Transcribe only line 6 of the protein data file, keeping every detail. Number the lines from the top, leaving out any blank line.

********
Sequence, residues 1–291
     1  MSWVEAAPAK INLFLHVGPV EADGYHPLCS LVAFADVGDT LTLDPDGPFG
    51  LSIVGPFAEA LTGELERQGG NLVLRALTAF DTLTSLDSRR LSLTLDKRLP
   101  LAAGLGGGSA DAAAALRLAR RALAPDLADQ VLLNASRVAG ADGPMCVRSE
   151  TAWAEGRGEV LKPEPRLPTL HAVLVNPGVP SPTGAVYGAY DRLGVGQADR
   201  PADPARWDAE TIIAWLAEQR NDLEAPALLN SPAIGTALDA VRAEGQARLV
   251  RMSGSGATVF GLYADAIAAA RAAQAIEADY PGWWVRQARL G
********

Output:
   201  PADPARWDAE TIIAWLAEQR NDLEAPALLN SPAIGTALDA VRAEGQARLV